Habs Outshot In 3-1 Loss To Islanders

Photo by Mike Stobe / NHLI via Getty Images

Habs Outshot in 3-1 Loss To Islanders

Habs were outshot in a 3-1 loss to the Islanders Thursday night in Brooklyn. The final total was a deeply uneven 42-22 shots on goal, which presented the problem from the beginning.

They came out slow, they didn’t take enough shots on net, and they gave up the first goal. While that is hardly a set formula for a loss, it is an auspicious beginning for a team that was coming off a spectacular game just 2 nights earlier.

The Canadiens seemed to miss easy passes, seemed unable to manage puck possession, and weren’t quick enough to loose pucks. Nothing seemed to work Thursday evening.

Carey Price saved the day inasmuch as the saves he made keeping the score low. When you’re facing 42 shots, and manage to save 39 of them, you can definitely be held up as the reason this game did not result in a humiliating blowout for a team that’s already seen 2 games end in embarrassing losses.

Here is how it played out:

First Period: Shots 14-4 New York

Goal: Andrew Ladd (Calvin de Haan, Nick Leddy), 13:07

The game began with an early test of Carey Price’s skills, when John Tavares took a shot that was saved easily.

Shortly thereafer, when Price, went behind his net to retrieve the puck, the blade of his stick got wedged between the boards, and he couldn’t free it. “Calm” being this man’s middle name, he left it there, tracking the puck the entire time as he backed toward his net, and defended it against the attacking Islanders.

At 13:07 of the period, Andrew Ladd opened the scoring with a shot from inside the circle. It went five-hole, and the Islanders were on the board.

Despite a power play, the Habs were unable to get on the board this period. Being outshot by almost 4-1 was a problem.

Second Period: Shots 16-9 New York

Goal: Shea Weber (PPG; Andrew Shaw, Nathan Beaulieu), 14:09

Outshot again, by almost double, this period yielded one goal, and it was scored on the power play, by none other than Shea Weber.

Andrew Shaw passed the puck back, from next to the net, before colliding with Islanders’ Adam Pelech, who fell on top of him. Weber was coming toward the puck from the blue line. With his stick already poised, he took his trademark slapshot, it bounced up and behind Thomas Greiss, and despite Johnny Boychuk‘s dive into the net to try and save it, the puck was already in. (Shaw took cover – Weber does have the hardest shot in the league)

There were some big saves, by Price and the team in front of him, clearing the puck over and over as the Islanders continued to pressure the Habs with shots. The period ended with the teams tied, but the shots on goal were already 30-13 for New York.

Third Period: Shots 12-9 New York

Goals: Andrew Ladd (John Tavares, Nick Leddy), 7:20; Josh Bailey (PPG; Anders Lee, John Tavares), 15:13

A nice moment, as the second period was beginning. At the Barclay Center, the visitors enter from behind the net, and on his way toward his end, Carey Price greeted his opponent thus:

But that was the only nice thing that happened for the Habs the rest of the game. Andrew Ladd, on a 4-on-4, scored the go-ahead goal for the Islanders. It should have been a Montreal power play, but Paul Byron was called for embellishment, so there was no man-advantage.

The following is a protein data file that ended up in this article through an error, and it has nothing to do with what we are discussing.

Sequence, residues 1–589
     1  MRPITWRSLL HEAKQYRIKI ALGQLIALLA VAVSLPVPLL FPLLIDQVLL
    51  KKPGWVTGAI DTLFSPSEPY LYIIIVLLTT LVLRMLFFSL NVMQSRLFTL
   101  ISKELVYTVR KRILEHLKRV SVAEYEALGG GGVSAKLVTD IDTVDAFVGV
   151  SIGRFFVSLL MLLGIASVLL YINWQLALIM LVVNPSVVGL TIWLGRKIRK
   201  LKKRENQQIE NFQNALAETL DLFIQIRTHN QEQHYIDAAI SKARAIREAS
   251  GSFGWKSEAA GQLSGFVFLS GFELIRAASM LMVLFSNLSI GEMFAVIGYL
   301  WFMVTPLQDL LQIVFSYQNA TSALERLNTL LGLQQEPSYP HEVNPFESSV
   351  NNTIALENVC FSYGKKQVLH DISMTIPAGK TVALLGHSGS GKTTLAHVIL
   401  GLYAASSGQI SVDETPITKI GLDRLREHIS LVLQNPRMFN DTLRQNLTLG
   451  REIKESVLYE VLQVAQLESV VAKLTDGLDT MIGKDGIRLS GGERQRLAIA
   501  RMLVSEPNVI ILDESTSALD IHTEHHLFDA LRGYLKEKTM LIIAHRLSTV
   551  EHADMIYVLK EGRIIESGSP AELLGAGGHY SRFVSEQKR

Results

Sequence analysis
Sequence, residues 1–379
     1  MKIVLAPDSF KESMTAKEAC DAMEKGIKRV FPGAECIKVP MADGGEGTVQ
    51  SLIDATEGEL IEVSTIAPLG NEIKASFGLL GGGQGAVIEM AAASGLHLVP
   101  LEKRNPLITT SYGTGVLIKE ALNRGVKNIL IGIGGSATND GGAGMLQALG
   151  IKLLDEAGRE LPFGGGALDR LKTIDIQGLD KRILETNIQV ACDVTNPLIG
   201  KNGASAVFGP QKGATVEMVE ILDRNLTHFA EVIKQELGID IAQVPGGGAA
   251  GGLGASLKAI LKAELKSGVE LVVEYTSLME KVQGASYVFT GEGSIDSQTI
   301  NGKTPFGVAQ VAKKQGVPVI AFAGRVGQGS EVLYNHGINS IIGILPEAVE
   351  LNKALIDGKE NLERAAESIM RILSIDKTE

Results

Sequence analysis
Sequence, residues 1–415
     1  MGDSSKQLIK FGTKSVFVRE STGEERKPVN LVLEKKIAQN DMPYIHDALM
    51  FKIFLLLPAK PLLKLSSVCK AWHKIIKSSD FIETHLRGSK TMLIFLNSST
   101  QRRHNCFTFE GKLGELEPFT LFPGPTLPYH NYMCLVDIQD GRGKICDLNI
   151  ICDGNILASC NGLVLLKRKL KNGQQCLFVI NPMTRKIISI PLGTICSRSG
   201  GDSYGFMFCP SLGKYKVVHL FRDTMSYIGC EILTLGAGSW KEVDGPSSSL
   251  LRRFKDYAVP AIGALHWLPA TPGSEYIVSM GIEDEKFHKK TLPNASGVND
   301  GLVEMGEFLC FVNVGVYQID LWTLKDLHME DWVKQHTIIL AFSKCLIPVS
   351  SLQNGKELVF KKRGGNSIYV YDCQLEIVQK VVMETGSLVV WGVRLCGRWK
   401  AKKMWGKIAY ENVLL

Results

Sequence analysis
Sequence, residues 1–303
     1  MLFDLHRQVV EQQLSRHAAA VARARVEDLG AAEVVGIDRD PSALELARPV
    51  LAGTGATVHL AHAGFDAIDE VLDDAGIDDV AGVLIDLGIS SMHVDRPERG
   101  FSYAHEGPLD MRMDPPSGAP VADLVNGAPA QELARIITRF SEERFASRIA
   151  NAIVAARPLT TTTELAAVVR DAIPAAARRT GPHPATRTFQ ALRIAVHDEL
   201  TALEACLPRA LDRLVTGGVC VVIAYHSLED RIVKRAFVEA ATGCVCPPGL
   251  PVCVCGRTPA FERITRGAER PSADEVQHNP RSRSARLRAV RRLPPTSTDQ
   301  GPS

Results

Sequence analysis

Tell me what you think:

The game continued with the Islanders continuing to hammer away at the Habs, and Price continuing to keep the score low. When Andrew Shaw took a penalty, at 15:09, the Isles wasted no time, scoring their PPGĀ  just 4 seconds in.

The Habs got a power play toward the end of the period, pulled Price, but were unable to capitalize, and the game ended with the Islanders at 3-1.

Some Thoughts

  • Were the Habs struggling? Look at the shot count: a total of 42-22. That’s a picture that speaks volumes. Yes, they were outshot Tuesday night too (31-20) and still won, 5-1, but they came out of the gates Thursday looking sluggish.
  • Did the referees help the Islanders? I’m rarely one to blame it all on referees. Shaw gets penalties; he has a reputation, and sadly – as we’ve seen with Brendan Gallagher – it tends to follow him with the officials. Was the penalty deserved? It depends on whether you’re hating or loving Shaw at the moment. He gets penalties. He also gets careless.
  • Habs fans who were raising Shaw to the rafters with praise after his goal Tuesday night are now cursing him out with viciousness. Such is the cycle of the fickle Habs fans.
  • This guy can’t be doing it all.


But he does, night after night, and he is stellar. Without Price Thursday evening, the game would have been an embarrassing blowout for the Canadiens. It isn’t always like that; Tuesday night, the entire team played on point. Clearing the puck, taking the shots, dominating the ice. Thursday, things were completely different.

The All-Star break begins tonight. Price, Weber, and coach Michel Therrien will be heading to Los Angeles for the weekend, while the team takes time off. Perhaps they should be home practicing, but hey, that’s not our call.

All-Star break brings different results when games resume. Let’s hope the Habs return refreshed, and ready to start outshooting their opponents, instead of the other way around. If I had one thing to express my concern about, it is the shots on goal. Time to up that part of their game.

The next game for the Habs takes place Tuesday, January 31, when the Buffalo Sabres visit the Bell Centre. Puck drop is 7:30 p.m.

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